There is something oddly alien and organic about beech mushrooms that just makes them pop in photos. As an added benefit, they also taste really good, and you can usually pick up a bunch from your local Asian grocery store. Cut of the base where they are all connected and treat them like ordinary mushrooms after that. This sandwich brings out the best of the mushrooms, because they are so prominent compared to the other ingredients. We opted for a brief sautéing with olive oil and thyme.
We’re not sure this is a classic Danish open faced sandwich in the sense that the toppings are a bit untraditional. Fried sage and Dukkah? That’s not what you would typically see in a Danish sandwich shop. But the concept is very typical: Meatball sandwiches are seen everywhere and classic toppings includes sweet pickles, lettuce and mushrooms. We just improvised on the theme, adding a bit of San Diego flair…
When I was a kid, one of my absolute favorite things about visiting our summer cottage in Sweden was the prospect of Swedish meatballs. Not just any Swedish meatballs, but a specific brand. We would always stop on the way to the house to get provisions at the local grocery store chain, and I remember running down the aisles to find the meatballs. My mother would cook them on a frying pan until they were quite dark, but not really burned. She would use lots of butter (where we use olive oil), and we would all sit and munch on meatballs and mashed potatoes while the house warmed up. Good times!
So, it was with great surprise I found one day these very same meatballs were being sold in the local Ikea in San Diego. What are the odds! Celebrating my Swedish childhood, I decided to create a Swamerican (Swedish-American) sandwich. I still prefer the meatballs without condiments – just by themselves, but as sandwiches come, this wasn’t half bad at all !
Living in San Diego means being influenced by Mexican cooking. Each street corner seems to sport a Mexican fast-food joint. Our cooking regularly employs cilantro and salsa, bothView Post of which can be tasty new ingredients to familiar meals. In this sandwich, we use both, and with the French bread, this becomes an international affair. Danish meatballs (frikadeller), Italian mozzarella, cilantro and salsa, made by a Dane and a Jamaican living in the US. It is a small world these days.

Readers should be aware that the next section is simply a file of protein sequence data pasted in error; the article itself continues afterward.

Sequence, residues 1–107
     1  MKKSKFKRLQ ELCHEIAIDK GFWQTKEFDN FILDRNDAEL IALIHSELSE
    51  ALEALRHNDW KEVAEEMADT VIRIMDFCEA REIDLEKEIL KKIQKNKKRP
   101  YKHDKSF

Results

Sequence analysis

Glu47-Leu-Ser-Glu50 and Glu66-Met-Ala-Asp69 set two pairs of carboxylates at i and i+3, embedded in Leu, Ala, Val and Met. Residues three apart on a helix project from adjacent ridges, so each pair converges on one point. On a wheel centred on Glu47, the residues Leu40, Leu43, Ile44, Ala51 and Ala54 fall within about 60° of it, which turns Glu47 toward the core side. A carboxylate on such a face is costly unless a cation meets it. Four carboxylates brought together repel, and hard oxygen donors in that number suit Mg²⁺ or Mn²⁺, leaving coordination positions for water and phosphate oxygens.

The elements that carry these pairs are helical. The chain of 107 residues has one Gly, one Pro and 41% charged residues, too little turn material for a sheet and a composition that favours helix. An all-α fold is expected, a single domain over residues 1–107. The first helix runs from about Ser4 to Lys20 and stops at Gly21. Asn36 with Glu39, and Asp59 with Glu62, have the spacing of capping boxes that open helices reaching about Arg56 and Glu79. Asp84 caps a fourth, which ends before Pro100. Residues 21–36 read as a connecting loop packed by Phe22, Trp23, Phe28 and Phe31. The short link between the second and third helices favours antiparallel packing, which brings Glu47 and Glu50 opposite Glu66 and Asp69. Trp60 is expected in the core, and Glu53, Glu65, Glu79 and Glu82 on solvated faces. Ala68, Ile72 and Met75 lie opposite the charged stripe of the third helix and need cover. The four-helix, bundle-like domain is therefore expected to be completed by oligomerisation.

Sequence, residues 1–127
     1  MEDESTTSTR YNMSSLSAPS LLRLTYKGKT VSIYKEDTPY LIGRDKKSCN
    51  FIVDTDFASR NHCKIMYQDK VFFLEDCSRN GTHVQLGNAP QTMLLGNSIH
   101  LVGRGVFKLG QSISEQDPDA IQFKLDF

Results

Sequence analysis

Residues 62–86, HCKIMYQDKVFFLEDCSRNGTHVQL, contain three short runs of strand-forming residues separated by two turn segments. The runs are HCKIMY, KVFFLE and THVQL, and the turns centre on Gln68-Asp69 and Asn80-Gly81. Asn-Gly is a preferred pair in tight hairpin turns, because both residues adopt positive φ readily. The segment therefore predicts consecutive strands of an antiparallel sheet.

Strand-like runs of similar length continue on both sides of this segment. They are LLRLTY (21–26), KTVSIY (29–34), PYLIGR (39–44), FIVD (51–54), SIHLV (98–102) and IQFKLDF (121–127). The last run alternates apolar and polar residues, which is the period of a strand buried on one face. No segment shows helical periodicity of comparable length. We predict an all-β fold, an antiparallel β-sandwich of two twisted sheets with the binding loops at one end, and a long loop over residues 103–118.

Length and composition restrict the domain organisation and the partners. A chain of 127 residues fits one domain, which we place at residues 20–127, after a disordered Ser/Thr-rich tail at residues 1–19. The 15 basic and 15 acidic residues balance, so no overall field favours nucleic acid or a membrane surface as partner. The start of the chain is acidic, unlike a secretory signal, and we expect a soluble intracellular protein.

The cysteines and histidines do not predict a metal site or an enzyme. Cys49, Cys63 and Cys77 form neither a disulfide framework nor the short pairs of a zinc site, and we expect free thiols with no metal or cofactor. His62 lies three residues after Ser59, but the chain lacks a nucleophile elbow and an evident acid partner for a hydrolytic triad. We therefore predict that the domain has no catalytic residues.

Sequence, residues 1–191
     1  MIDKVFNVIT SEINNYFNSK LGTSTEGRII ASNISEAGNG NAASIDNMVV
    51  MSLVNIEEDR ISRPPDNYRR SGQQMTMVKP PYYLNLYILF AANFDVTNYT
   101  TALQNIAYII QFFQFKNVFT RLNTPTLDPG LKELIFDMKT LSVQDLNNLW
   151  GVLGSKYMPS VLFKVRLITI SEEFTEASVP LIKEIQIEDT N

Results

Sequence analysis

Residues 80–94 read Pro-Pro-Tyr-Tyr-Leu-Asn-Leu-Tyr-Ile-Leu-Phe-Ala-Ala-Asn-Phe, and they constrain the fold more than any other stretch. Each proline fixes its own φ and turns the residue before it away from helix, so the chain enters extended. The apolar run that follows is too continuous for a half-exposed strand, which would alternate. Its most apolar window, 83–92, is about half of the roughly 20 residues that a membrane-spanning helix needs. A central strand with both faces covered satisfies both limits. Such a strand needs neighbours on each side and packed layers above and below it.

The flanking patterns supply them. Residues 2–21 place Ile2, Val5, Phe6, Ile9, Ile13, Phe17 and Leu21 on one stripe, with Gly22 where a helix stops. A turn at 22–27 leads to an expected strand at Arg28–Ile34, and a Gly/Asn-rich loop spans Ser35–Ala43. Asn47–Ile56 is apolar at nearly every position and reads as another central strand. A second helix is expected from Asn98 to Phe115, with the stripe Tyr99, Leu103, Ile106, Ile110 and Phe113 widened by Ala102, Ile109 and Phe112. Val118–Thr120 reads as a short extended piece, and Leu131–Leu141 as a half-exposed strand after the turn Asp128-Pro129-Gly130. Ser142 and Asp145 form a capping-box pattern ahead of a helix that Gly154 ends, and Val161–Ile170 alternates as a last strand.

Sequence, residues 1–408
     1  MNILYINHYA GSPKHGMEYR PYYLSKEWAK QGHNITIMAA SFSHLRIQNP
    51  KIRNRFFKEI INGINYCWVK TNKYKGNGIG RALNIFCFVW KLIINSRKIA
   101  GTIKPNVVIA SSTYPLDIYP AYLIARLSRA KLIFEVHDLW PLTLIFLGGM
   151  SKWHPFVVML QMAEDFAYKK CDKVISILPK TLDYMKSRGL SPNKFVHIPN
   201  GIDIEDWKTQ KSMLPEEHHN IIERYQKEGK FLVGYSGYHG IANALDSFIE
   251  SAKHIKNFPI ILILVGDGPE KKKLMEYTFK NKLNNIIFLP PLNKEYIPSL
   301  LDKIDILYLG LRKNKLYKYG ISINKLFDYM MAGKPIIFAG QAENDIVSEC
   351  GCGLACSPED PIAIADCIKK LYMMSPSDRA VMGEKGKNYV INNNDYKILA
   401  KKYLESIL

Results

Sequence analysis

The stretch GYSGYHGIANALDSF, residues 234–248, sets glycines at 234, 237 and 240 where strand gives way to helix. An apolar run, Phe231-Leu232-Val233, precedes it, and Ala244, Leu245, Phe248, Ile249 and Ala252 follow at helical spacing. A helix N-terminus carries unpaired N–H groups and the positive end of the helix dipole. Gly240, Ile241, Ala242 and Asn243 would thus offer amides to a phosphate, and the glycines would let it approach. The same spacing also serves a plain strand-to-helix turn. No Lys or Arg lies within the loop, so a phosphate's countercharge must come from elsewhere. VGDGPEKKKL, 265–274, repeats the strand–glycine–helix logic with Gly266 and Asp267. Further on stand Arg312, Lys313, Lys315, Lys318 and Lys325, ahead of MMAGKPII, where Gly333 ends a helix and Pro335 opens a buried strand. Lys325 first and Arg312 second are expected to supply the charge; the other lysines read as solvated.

Somewhere out there, people are making meatballs with no meat, which seems oddly disturbing to me. At least call them something else :-). This sandwich, however, has genuine meaty meatballs (danish Frikadeller), plus no less than two cheeses, and a bit of the brilliantly hot Chinese black bean chili sauce which we have found really useful for sandwiches when used modestly.
It was Tuesday, and I want to write it was raining cats and dogs, but I live in San Diego so the weather was really very nice, just like the last 6 months or so. In any case, I got a crazy craving for Danish meatballs, and on my way home from work I had to stop to get some ground beef and pork. Danish Meatballs are called “Frikadeller” (singular form is frikadelle), and they can be made from many types and blends of meats, but this is a classic.
The sandwich itself is a ciabatta roll with ducks fat and roasted garlic smear. Two meatballs are heated and cut in half, and topped with stone ground mustard. A bit of sea-salt is sprinkled on, and it’s decorated with blueberries and a pickle. Fantastic sandwich. The blueberries jumped out of my pantry at me, and I thought I would give it a go.